That Would've Been an Option Too
By Jake Vinson
Wilhelm isn't really much of a smiler. Nor was he much of a laugher. Nor a crier, scowler, or high-fiver. He seemed to only be capable of two emotions: "emotionless" or "asleep."
He's of the opinion that programming has gotten too easy in recent years, not like it was back in his day when programmers were programmers. A time before garbage collectors, transactions, protected memory, fancy IDEs with fancy integrated debuggers — nowadays developers have it too easy.
One of his company's core applications had been rushed out the door with most maintenance being of the "quick patch" variety, with the intention that everything would be cleaned up later. Because of this approach the overall design of the system wasn't totally consistent — duplicate code, instance methods that should be static, classes with tons of extra properties that aren't even really used anywhere, etc. With all of the extra objects floating around in memory, OutOfMemoryExceptions were the rule rather than the, er, exception. Some of the time the errors would magically fix themselves, but with increasing frequency, a developer had to step in and restart the site to release resources.
Once it got to the point that this was happening daily, management realized the problem couldn't just be swept under the rug. When Wilhelm caught word that they'd get a chance to resolve some of the memory issues, he jumped at the chance to lead the project. He had the skillset as far as he was concerned, since he cut his teeth on Commodore 64 development where he had 64KB of memory and was happy about it. And how different could memory management be nowadays? With some competent staff and his experience with efficient memory management, he could dramatically reduce the application's memory footprint. Wilhelm was given four developers to help with the task.
First step: analysis. Wilhelm and staff prepared spreadsheets, charts, and graphs out the wazoo. Running profilers and stress testing tools they were able to identify trouble modules, unreleased resources, and unclosed connections.
Second, branching the code and tweaking algorithms, static-izing what used to be instance methods. The team worked day and night on small refinements, creeping closer and closer to their goal. Changes had a tendency to delay development, as some parameters were being set too conservatively, breaking something else down the line. Some of the developers complained, but it didn't bother Wilhelm — the sissies hadn't suffered through the hardships of programming on older hardware, and this was molding them into something closer to real programmers.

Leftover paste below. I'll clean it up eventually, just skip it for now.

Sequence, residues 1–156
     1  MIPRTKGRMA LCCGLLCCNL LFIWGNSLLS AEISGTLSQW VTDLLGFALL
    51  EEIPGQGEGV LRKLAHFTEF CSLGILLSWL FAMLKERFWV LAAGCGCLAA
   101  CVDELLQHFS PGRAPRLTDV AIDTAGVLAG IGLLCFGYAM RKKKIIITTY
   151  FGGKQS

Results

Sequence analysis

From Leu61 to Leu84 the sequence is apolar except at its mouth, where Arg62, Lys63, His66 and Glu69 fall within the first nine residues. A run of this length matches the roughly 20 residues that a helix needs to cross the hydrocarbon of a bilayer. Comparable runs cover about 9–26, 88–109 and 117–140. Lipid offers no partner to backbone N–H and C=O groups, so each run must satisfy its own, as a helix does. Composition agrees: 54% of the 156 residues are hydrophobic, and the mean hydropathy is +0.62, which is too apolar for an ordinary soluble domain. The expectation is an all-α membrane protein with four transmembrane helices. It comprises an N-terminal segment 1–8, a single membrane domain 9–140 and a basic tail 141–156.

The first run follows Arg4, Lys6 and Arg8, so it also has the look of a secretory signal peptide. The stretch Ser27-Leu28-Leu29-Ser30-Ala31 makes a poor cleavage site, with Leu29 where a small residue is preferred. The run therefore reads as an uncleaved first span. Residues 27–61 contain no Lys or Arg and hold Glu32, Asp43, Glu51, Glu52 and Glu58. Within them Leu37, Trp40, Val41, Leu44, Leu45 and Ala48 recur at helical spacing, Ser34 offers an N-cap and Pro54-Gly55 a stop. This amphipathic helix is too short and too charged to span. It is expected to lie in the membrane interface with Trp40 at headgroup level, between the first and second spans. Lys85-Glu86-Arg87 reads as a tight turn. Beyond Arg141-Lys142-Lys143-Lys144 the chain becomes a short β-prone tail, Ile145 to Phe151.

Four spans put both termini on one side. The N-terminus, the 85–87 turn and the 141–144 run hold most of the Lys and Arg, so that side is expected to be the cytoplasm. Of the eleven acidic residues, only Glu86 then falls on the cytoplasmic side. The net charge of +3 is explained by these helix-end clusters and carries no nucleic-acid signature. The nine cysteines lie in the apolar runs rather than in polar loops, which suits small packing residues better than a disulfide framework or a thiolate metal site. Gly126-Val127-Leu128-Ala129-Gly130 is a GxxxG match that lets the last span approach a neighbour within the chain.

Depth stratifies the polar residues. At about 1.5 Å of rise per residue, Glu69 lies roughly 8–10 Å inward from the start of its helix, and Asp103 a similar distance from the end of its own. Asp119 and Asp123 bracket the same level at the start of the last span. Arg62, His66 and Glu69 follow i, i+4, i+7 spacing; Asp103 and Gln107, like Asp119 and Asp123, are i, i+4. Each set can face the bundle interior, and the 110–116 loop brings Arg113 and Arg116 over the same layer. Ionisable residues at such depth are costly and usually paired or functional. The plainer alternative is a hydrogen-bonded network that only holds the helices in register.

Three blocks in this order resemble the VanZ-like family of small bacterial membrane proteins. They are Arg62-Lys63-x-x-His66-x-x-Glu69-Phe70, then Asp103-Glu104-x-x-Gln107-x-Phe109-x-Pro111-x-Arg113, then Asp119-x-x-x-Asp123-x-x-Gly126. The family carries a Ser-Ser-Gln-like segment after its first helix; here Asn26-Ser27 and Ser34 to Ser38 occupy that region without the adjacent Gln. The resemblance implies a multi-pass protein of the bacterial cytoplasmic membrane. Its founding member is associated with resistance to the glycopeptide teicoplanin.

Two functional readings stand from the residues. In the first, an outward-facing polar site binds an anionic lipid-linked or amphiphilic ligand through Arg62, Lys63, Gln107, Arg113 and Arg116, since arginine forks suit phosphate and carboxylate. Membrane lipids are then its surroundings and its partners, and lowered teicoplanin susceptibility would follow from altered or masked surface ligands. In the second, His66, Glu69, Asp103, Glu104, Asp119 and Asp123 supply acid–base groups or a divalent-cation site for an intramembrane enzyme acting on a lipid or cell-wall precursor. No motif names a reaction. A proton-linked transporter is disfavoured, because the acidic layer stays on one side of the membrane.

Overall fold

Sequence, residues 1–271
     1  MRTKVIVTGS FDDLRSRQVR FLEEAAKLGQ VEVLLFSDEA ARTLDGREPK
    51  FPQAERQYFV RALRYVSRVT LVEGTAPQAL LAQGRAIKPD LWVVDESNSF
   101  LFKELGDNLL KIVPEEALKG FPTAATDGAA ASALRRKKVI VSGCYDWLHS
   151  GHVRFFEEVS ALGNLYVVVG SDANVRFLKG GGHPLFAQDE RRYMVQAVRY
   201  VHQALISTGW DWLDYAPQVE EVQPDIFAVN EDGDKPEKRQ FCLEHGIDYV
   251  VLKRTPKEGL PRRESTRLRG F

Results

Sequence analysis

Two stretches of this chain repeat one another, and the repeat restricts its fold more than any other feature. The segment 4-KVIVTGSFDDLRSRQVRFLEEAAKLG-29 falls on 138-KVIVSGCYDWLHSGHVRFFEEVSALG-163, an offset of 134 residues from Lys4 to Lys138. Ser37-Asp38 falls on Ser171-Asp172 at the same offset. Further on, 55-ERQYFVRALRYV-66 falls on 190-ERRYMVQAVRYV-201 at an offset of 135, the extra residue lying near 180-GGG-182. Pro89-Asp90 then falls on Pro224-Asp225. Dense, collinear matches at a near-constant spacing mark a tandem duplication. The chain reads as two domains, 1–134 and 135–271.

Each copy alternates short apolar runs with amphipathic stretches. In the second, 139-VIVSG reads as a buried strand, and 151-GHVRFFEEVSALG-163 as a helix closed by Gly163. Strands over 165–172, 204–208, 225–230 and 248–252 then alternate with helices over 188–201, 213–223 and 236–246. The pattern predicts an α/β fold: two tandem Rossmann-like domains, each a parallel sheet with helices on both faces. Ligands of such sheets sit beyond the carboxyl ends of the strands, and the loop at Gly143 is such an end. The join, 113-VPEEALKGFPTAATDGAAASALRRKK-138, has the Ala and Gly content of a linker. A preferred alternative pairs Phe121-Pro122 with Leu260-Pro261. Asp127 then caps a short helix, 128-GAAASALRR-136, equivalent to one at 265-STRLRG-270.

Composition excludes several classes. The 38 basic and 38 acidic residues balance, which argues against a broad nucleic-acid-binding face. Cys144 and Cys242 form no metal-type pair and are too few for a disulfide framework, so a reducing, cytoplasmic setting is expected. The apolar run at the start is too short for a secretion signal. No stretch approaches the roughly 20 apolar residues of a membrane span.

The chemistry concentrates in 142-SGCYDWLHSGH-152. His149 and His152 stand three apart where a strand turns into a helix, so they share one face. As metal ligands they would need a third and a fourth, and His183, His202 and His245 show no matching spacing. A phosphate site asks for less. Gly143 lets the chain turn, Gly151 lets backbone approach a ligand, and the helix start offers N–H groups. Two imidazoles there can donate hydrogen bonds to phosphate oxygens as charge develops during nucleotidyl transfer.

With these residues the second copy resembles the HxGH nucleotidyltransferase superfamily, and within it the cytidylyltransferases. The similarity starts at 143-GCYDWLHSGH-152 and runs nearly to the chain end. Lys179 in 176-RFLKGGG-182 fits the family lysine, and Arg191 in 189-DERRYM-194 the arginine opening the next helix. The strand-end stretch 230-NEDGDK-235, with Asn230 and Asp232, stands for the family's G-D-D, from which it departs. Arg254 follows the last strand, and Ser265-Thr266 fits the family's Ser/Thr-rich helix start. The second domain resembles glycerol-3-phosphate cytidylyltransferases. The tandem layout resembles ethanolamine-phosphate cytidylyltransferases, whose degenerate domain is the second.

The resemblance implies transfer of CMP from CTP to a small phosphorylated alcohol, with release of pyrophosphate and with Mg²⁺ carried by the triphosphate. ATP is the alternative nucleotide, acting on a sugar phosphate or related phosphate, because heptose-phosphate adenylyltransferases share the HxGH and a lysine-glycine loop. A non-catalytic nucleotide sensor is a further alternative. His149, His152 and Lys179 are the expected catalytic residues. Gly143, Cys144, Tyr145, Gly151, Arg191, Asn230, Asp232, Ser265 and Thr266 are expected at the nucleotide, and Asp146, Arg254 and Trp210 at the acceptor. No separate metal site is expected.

After five months of grueling optimization and fixes, the team had finished. Admirably, they had succesfully reduced the application's memory footprint by more than 50%! His team still complained about some of the work, but Wilhelm knew they'd eventually adjust to the new programming style.
So Wilhelm, known for his emotionlessness, had a huge smile on his face when he summoned everyone into the conference room for a meeting. "First the good news," he began, "The memory footprint is now 46% of what it was before." He started doling out impressive-looking packets with detailed graphs and overviews of big changes to the system. "Now if you'll all turn to the second page, I'd like to go over some of the architectural changes. Before that, though, any general questions?"
Jake C. happened to be at this meeting with a new intern named Bob. Bob raised a finger and said "Yes, I have a question — this graph shows the percentage of the memory footprint reduction, but what are the actual numbers here? How much memory is in the production server?"
"512MB," Wilhelm replied.
"Ahh, OK." Wilhelm scanned the room for more questions. Bob raised a finger again. "So why not pick up another 2GB of memory for fifty, sixty bucks and install that in the server?"
Wilhelm was taken aback. With a light stutter, he replied "Yeah, I guess that would've been an option too..." After a brief but intensely awkward pause, he continued with a quivering voice "...but no web application should ever require more than 500 megs."
Wilhelm continued with his presentation, his face a bright shade of red. His manager's face turned a similar color.